Published on Voices

Dead Branding Society: Is blockchain the death of food branding as we know it?

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© Flore de Preneuf/World Bank

One way or another blockchain, that distributed ledger technology we keep hearing and reading about, means greater traceability.  And when it comes to agriculture, traceability allows us to learn about the origin and the characteristics of our food. Traceability is therefore not only seizing the day, but the future as well.
Experience shows that as we get richer we spend more on food because we care more about what goes into our bodies and associate food labels and their premium prices with higher quality.  Data from the United States shows that the amount spent on food increased by 30 percent from 1959 to 2014 (Figure 1). Yet, grasping product origin and quality is inherently difficult. By the time the food gets to our local supermarket shelf, it has worked its way through what is arguably the largest and most complicated set of markets and middlemen that sit between the world’s producers and consumers, making traceability incredibly difficult.

Figure 1
Figure 1

While branding aims at signaling a product’s characteristics through images and ideas and simplifying the consumer’s experience and choice, it is not foolproof.  Just think about the images of our four-legged friends frolicking in green fields, which are used to signal wholesome quality. Yet, the claims of brands are not always adequately controlled and adhered to, making it difficult for consumers to make informed choices.
Digital ledgers, like blockchain, can effectively remove the need for branding as they transmit reliable information about a product’s quality directly to customers.  Put differently, farmers can become their own brand, obviating the need for a third party to do it for them. Moreover, consumers can directly verify the product quality of their shopping cart and make sure they get what they pay for. Making outsourced branding services unnecessary can profoundly reshape our food system by bringing the producers closer to the consumers. The benefits are clear – with less arbitrage for the middlemen, more value accrues to producers and consumers. This may sound fanciful, but it might just be the future of food.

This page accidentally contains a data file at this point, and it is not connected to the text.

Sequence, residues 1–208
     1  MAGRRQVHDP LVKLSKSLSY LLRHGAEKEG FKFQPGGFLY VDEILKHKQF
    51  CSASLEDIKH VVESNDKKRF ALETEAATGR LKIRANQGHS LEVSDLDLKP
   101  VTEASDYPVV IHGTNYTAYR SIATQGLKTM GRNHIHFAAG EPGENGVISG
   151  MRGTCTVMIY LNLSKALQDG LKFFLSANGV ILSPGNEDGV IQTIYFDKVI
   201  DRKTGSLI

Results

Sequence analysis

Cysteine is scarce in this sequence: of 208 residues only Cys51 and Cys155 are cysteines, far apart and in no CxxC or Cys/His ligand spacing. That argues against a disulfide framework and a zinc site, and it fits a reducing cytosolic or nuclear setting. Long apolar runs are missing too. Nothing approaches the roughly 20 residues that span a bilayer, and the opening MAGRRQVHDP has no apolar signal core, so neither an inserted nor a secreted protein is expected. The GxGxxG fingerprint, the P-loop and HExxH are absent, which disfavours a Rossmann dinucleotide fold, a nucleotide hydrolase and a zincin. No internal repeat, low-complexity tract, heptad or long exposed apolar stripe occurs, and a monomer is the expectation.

The digitization of the food sector – the world’s largest market - will fundamentally reshape how we grow, sell, and eat food.  Just consider Amazon’s acquisition of Whole Foods. This purchase gave Amazon access to the Whole Foods’ brand and its brick-and-mortar stores, which can be used as storage/distribution centers for digitally-distributed food products. Or, consider that Alibaba estimated China’s rural e-commerce market to be worth $70 billion in 2016. How much longer will it take before you surf an online retailer in search of eggs, watch a webcam of your favorite farmer feeding his flock, and have those eggs appear on your doorstep the next morning?
Any opportunity to connect the world’s 570 million overwhelmingly poor producers with its 7.6 billion increasingly wealthy consumers must not be missed.  Is blockchain the death blow to branding as we know it - a fleeting opportunity that must be taken advantage of, in much the same way Keating reminds the members of the Dead Poet’s Society that they must seize the day? What about the underdogs blockchain might create? How can they be supported in this transition? If we want to seize this opportunity, the key questions to answer are when, where, and how the public sector can play a role in this. So please join our discussion below!

We hope to crowd-in some of the world’s best minds to participate in a global conversation on food and technology through the “What’s cooking? Rethinking farm and food policy in the digital age” blog series. We invite people with diverse backgrounds and perspectives to join us and share their comments.



Randolph Kent

Contributor, Digital Agriculture

Julian Lampietti

Manager, Global Engagement in the Agriculture and Food Global Practice

Eva Hasiner

Senior Economist at the World Bank, Agriculture Global Practice

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